What can the traditional private forest landowner do to avoid this trend?  The answer is simple (in words at least): forest stewardship.  Your land is irreplaceable.  Hold on to it and add value to it; value in terms of product output and "greenspace" or wildlife habitat.  As urban areas encroach on the landscape, productive forests and other important values like wildlife habitat and aesthetics will likely be at a premium, which may translate into significant opportunities for landowners providing them.  My bias aside, I would think that those of you in the Stewardship Program are already a step ahead in ensuring the future of your forestland.  You have well-defined, long-term, multiple-use goals and a management plan to help you achieve those goals.  However, stewardship alone will not perpetuate a forest property.  Uncle Sam gets his share when you are gone, so an estate plan is needed to ensure the transfer of your property to your heirs with as little tax liability as possible.  Otherwise, your heirs may be forced to have to sell the property just to pay the inheritance taxes.

National Wild Turkey Federation Private Lands Program - Wild Turkey Woodlands 
Bryan J. Burhans, NWTF Director of Land Management Programs
The National Wild Turkey Federation (NWTF) recently initiated a new private lands program called Wild Turkey Woodlands.  This free program recognizes individual and corporate landowners that actively manage for wild turkeys and other wildlife on their farms, ranches, and woodlands.  The program also promotes hunting as part of our North American heritage. 

A Wild Turkey Woodland is a privately held farm, forest, ranch or woodlot managed to protect and enhance wildlife habitat.  Landowners owning at least 10 acres are eligible, and certification is awarded once a property meets the standards set by the National Wild Turkey Federation's Wild Turkey Woodlands program. 

Certified landowners can send a strong message to their community about their active support for wildlife on their property with a Wild Turkey Woodlands sign.  In addition, a Wild Turkey Woodlands certificate, suitable for framing, will show those visiting their home or office that their land is managed for wildlife. 

Another benefit of participation in this program is access to information and resources.  Wild Turkey Woodland owners will receive the latest information on new products and wildlife management techniques, and can take advantage of special discounts on seeds and seedlings.  As the program grows, a newsletter will be published and regional workshops will be available to provide landowners hands-on information about management options.  An annual state, regional and national awards program is held to showcase the efforts of selected certified landowners in managing for turkeys and other wildlife.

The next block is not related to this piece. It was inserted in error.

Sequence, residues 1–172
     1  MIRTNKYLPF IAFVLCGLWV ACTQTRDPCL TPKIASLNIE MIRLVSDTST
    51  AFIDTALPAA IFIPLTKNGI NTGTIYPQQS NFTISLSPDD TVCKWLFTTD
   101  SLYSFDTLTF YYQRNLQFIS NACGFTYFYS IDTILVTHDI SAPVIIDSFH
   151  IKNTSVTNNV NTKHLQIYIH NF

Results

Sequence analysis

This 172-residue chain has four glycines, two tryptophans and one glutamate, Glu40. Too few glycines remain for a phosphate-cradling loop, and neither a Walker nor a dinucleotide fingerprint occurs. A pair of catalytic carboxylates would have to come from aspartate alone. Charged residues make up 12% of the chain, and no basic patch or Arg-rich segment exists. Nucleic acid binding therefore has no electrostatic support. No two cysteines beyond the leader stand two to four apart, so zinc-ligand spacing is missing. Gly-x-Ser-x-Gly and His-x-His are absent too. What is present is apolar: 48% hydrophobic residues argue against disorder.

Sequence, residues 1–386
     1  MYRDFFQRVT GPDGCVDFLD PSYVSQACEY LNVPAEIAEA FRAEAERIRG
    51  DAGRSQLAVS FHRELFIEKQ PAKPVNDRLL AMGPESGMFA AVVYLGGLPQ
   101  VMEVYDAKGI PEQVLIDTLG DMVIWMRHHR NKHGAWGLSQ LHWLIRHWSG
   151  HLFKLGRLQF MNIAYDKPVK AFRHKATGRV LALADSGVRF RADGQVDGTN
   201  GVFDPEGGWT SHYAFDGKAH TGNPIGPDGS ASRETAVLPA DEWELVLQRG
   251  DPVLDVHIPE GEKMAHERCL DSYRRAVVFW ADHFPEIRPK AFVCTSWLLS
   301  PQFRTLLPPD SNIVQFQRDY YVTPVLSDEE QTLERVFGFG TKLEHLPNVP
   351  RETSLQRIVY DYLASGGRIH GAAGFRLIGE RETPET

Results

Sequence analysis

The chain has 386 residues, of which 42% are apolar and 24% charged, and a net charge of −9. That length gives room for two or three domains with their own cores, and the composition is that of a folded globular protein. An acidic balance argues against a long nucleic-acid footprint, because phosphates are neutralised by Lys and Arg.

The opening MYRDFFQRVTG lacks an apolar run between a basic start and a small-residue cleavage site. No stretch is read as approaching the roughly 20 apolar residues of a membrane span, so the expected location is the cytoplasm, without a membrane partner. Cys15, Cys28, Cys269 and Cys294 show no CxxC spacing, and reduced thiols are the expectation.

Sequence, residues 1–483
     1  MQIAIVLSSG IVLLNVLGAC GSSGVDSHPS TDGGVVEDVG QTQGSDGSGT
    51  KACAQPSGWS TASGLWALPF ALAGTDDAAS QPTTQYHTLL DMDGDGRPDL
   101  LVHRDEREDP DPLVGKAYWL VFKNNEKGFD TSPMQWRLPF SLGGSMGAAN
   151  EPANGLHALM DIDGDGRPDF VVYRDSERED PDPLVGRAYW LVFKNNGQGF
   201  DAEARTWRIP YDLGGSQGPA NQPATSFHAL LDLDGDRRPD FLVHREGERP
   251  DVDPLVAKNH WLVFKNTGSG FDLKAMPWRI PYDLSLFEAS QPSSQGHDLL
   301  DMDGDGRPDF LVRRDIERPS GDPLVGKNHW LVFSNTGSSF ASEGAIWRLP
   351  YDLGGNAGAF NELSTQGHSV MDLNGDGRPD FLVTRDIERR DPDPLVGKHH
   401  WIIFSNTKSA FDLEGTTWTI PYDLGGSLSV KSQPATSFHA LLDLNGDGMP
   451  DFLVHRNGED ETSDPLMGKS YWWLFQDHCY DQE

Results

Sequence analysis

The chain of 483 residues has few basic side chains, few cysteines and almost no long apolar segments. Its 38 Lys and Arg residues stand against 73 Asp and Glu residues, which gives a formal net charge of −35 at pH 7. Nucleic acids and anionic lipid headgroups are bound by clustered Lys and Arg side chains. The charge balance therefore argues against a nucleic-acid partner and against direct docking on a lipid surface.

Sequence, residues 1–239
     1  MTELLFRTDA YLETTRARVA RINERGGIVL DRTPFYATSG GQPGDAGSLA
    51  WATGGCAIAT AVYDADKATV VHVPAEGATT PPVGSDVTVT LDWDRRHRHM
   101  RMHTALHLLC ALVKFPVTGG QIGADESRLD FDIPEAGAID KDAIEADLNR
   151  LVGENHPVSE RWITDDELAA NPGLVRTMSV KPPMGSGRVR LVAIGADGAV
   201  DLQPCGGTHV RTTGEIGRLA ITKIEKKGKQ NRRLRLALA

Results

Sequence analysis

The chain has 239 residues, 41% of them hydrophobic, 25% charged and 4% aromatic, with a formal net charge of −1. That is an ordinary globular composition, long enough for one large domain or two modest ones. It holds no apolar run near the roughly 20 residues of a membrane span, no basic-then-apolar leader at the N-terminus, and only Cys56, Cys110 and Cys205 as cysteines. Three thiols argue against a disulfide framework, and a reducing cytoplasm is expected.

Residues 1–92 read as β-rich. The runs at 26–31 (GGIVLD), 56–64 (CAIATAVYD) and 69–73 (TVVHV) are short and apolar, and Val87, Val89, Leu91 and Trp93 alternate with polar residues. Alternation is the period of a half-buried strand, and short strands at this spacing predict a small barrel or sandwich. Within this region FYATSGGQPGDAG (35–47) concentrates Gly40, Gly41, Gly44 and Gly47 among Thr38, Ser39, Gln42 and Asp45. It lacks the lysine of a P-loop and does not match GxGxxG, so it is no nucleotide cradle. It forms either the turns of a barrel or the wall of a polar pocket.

To enroll in the program, applicants must submit a written plan and map that documents the practices and goals for managing wildlife, timber, soil and water, and hunting on the property.  Landowners can develop their own management plan, or use a plan developed through state and federal programs such as the Forest Stewardship Program.  All landowners are encouraged to have their management plan reviewed by a natural resource professional, such as a wildlife biologist or forester. 
To certify your land as a Wild Turkey Woodland, call the NWTF at 1-800-THE-NWTF and request a Wild Turkey Woodlands application and information package.  You can also e-mail Bryan Burhans at to request information or write: National Wild Turkey Federation, Wild Turkey Woodlands Program, P.O. Box 530, Edgefield, SC 29824.  For additional information about Wild Turkey Woodlands, and other programs the NWTF offers, check the NWTF web site at

Northern Bobwhite Quail 
By Leslie J. Hawkins, Wildlife Biologist, Forest Stewardship Program
bobwhite quail, courtesy All Things QuailNorthern bobwhite quail populations have been declining in the Southeast for the last 30 years.  Habitat loss through conversion of agricultural lands has contributed to the declining populations of quail.  Agricultural practices in the mid-1950's to 1970's converted small farms, hedgerows and woodlots from historical wildlife cover and food resources to larger areas with cleaner farming practices.  In addition, beginning in the mid-1980s and continuing to the present, many traditional agricultural acres throughout the Southeast have been converted to pine plantations.  This landscape change has further reduced early successional (old field) habitats required by quail and many other songbird species for nesting, foraging and successful brood rearing. 

Quail spend part of their life in the covey stage during the fall/winter months and in pairs during the breeding season.  Coveys are family groups which gather together after the breeding season.  Coveys forage together during the day and at night form a ring, heads facing outward, for predator protection and heat retention. 

Breeding season (April to July) begins with the cocks whistling for hens during the morning and evening hours. Fence posts or other types of high perches are often used when whistling. Quail are ground nesting birds and prefer thick understory vegetation next to open areas for placement of nests.  Both the male and female will incubate the nest and clutch size ranges from 10-15 eggs.  Quail will often re-nest if the first nest is destroyed.